Langston said any contract can be terminated and, as an last resort, the city could declare bankruptcy, though it may have to pay penalties. He asked of a study has been done of the median income for those living in Prescott, adding there’s a way to terminate any contract. He said any members of the council who have died since the contract was signed, may give the city an out.

Oliver said the contract runs from 2008-2038 and has no exit clause. He added the city has used the two best electric attorneys in the state, with one still working for Prescott full-time, in Dave Wilson. The other, Jason Carter, works for the city on this part-time. He said the city used a former resident, Henry Thompson, and is also using InFront Consulting of Florida on the issue. The city, Oliver added, has spent around $1 million to try and get cheaper electricity.

Bob Cummings, candidate for Nevada County Judge, also spoke. He told the council he’s a member of the Nevada County Quorum Court and knows these jobs aren’t easy. He pledges to support and work with mayors and councils of cities in the county and to help in any way he can, if elected.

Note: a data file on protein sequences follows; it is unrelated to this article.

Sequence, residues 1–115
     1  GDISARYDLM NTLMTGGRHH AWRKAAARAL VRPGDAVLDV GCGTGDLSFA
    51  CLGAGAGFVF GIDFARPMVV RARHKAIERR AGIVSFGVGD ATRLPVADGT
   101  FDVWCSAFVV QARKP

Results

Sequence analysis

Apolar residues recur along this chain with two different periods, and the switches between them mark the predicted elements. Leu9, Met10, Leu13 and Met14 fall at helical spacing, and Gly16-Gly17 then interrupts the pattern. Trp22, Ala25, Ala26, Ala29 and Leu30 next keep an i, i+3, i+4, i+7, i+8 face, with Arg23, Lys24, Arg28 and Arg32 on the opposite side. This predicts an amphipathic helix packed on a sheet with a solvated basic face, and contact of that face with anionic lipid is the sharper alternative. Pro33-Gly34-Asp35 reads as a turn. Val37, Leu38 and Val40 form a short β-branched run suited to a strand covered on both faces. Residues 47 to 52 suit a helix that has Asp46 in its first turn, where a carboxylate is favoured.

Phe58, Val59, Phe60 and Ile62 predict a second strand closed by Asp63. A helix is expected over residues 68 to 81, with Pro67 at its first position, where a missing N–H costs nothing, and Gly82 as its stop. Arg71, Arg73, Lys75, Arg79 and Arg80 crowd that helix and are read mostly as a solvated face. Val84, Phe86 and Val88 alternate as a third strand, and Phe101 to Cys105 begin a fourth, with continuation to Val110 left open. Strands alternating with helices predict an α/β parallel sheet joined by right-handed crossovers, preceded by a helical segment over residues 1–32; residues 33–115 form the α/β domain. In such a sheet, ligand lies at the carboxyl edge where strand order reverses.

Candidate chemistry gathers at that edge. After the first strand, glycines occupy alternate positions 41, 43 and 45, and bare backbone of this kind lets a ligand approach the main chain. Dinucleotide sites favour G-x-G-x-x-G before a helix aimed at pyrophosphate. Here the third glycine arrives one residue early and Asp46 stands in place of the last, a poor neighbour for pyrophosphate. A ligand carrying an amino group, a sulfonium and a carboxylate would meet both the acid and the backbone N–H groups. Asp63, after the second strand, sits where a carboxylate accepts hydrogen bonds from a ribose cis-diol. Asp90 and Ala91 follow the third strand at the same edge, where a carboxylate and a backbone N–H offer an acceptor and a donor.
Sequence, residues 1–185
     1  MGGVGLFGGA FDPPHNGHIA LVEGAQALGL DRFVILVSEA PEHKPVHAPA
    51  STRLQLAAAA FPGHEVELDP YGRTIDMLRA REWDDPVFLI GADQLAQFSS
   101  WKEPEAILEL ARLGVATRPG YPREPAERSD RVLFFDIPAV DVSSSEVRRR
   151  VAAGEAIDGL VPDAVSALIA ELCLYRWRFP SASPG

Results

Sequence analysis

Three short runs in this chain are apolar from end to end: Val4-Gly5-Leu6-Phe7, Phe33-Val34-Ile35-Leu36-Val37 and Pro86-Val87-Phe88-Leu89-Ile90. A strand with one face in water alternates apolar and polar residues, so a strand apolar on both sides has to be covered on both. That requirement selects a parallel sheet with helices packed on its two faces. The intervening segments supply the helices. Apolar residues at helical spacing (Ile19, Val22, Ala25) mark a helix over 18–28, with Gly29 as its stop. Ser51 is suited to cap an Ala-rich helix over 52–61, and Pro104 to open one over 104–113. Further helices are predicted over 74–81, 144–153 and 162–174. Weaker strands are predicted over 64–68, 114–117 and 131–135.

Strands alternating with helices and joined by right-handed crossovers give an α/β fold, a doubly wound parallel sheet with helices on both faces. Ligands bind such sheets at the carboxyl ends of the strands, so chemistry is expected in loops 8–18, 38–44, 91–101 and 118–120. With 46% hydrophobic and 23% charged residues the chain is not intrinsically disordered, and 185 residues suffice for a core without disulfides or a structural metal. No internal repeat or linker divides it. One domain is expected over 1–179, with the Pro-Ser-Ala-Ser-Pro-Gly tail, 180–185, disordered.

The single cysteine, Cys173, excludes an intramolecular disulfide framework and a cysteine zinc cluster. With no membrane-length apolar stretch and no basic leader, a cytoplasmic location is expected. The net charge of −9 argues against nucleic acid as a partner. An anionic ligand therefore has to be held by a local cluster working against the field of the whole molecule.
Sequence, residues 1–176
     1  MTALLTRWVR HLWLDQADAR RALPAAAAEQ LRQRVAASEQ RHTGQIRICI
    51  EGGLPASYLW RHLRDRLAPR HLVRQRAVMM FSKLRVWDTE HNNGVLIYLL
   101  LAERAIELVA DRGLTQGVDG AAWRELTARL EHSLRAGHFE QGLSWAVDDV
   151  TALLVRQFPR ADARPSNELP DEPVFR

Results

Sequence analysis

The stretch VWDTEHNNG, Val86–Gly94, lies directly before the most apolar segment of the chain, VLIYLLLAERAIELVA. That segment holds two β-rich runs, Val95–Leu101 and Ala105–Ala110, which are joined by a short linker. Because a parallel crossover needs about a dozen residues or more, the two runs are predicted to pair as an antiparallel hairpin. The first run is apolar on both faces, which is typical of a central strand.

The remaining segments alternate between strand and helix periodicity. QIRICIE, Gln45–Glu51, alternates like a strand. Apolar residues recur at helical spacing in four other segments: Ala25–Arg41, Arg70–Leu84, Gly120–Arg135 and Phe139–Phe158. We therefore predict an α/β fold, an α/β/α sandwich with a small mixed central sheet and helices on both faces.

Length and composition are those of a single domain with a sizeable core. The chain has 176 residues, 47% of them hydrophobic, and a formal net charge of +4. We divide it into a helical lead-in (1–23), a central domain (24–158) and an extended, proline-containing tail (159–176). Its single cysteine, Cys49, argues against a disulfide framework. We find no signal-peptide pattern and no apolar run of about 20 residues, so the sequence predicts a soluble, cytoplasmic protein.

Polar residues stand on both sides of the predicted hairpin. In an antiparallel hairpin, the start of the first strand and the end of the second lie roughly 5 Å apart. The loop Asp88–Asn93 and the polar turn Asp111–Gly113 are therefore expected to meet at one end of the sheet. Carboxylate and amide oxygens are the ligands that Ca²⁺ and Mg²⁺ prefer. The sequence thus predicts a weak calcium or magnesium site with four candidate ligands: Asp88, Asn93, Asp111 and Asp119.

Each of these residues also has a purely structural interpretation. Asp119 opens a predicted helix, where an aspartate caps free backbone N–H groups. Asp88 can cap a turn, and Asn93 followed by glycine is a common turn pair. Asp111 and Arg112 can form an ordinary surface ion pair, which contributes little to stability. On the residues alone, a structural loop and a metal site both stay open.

Austin reminded him to be careful of making promises as if he can’t keep them it could create problems.

Under council discussion, Ivory Curry reminded everyone his monthly community feed is Saturday. He also reminded the council the OYEA program is hosting its First Annual Banquet Oct. 25 at the Prescott Junior High School cafeteria.

Oliver reminded the council the city has a table and invited anyone interested to sit at it.

Satarra Williams said the Prescott Church of God Youth Night will be Oct. 22.

Susie Meeks said she’s had several people call asking what hours the city office is open for the public to pay bills.

Oliver said people can use the drop box in front of the facility if the office isn’t open..

Austin called for an executive session. When the meeting resumed, Oliver stated on the fair labor standard act, only the hours an employee worked should count and they shouldn’t be paid for time not worked. It was moved to put this in the employee handbook, and approved.